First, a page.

Day: November 5, 2012

¿Cómo está usted?

How are you? Easy question really. I don’t have a problem answering. Neither do my students—“I’m fine, thank you” is their automatic response to my daily question. But recently I got to thinking about usted, tú, and the lack of formal English.

English used to have another way to say “you.” If you have attended church, you might recall the word “thou” or “thy”—“Our Father, who art in Heaven … thy Kingdom come, thy will be done.” Is this ringing any bells? You see, English used to have a formal and informal tense. “Thou” was informal, whereas “you” was formal. Thus, “thou” and “thy” and “thine” were used with God, because was meant to be seen as a close friend and not some distant deity. In the same way, the Spain Spanish Bible uses “tú” when talking to God, and the apostle Paul addresses the people in the “vosotros” form rather than the “ustedes” form, trying to be as informal and friendly as possible.

In the past, I am almost sure, “usted” and “ustedes” were used more frequently in Spain. In fact, my husband assures me that his parents actually addressed their parents as “usted,” a fact I find both mind-boggling and extremely interesting from a linguistics standpoint. I heard my mother-in-law talking to her aunt one day, her aunt who is also her godmother. “¿Cómo está, tía?” she asked. “Queremos visitarla muy pronto.” Of course, that’s not her exact quote, but you get the gist. It struck me as extremely odd, having heard Mario refer to his parents as “tú” and “vosotros” the whole time I’d known him. I referred to his parents as “tú” almost from the first time we met.


Jesús has always been “tú” for me

I met them in November 2009, and, I admit, I was very anxious to do so. I wasn’t sure how to refer to them, if I should tutear them, but Mario assured me that I should. In fact, I’m not sure I could even have used usted; I was so not used to using that form, having lived in Spain for quite some time. Since that time I’ve learned the use of the formal form is very contested in places like France or Germany. Since then, I’ve come to feel quite comfortable, quite natural when I address my father-in-law in the tú form. I’m not sure how I would act otherwise.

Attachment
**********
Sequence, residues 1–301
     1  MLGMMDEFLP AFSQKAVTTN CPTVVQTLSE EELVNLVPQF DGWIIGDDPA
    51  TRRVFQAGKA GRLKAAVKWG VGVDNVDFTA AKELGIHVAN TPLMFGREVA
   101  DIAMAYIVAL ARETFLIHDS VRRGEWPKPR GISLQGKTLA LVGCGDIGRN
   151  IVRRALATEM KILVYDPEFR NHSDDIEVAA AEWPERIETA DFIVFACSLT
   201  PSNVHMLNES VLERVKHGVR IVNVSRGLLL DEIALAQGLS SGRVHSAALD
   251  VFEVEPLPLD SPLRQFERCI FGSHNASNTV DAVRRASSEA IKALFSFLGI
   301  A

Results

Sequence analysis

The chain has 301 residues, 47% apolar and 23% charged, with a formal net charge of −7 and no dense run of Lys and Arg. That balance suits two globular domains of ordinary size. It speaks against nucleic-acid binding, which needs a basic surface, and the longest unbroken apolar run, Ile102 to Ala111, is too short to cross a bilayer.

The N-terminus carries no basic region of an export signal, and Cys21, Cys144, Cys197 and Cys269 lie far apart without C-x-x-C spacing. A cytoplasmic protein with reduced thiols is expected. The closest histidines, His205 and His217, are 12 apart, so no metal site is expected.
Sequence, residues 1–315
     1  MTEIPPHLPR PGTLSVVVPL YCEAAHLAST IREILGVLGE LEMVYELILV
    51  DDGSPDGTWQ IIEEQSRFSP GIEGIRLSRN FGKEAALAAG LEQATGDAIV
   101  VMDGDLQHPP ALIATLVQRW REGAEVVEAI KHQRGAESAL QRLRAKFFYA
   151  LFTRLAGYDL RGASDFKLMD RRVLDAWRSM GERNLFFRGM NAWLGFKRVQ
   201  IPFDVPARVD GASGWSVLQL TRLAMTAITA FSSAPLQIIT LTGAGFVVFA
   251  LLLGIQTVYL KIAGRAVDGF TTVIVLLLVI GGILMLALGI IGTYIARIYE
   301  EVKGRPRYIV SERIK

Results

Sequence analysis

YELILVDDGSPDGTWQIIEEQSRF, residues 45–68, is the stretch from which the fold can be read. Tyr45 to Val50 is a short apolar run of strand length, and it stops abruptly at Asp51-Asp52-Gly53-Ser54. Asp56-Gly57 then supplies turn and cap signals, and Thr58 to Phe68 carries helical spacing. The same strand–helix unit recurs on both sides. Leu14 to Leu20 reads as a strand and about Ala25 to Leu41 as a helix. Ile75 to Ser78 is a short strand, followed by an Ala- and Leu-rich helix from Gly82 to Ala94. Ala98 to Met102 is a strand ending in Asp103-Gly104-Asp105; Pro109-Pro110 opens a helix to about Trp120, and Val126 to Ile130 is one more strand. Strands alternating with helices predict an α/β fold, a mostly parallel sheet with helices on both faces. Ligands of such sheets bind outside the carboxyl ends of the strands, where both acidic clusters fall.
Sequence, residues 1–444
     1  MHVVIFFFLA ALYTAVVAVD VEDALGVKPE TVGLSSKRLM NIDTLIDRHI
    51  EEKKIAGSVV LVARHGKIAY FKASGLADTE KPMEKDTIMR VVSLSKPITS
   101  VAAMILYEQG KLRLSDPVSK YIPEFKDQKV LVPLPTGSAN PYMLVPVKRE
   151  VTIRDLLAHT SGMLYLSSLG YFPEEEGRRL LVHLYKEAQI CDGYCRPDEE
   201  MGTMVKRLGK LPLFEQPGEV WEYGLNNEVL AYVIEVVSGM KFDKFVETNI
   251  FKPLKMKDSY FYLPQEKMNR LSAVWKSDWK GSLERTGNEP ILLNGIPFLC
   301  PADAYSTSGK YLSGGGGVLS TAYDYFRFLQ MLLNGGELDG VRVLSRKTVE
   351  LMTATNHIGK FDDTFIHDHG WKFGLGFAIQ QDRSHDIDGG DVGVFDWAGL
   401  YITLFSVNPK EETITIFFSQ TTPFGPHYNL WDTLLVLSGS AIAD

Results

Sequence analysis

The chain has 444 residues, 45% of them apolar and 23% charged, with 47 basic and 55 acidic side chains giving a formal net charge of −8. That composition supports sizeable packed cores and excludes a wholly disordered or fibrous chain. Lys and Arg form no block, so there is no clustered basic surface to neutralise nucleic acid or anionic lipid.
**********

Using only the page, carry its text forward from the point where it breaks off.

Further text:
For me, using “usted” is quite difficult. I struggle to use it, because it’s not a daily thing for me. When I hear someone address me in “usted,” I often am not sure if they are talking to me or about a third person, because the “usted” form is the same as the third-person form. If a person from South American uses “ustedes,” I find myself baffled—who are they talking to? I understand how to use “usted;” my problem is putting it into practice. It’s not an everyday occurrence, and so I lack practice.

Maybe someday my Spanish will improve to the point that I am very comfortable using the “usted” tense; however, I feel that will be a long time coming. How about you? Are you accustomed to using the “usted” version on a day-to-day basis? What advice do you have for me or for others in my situation?

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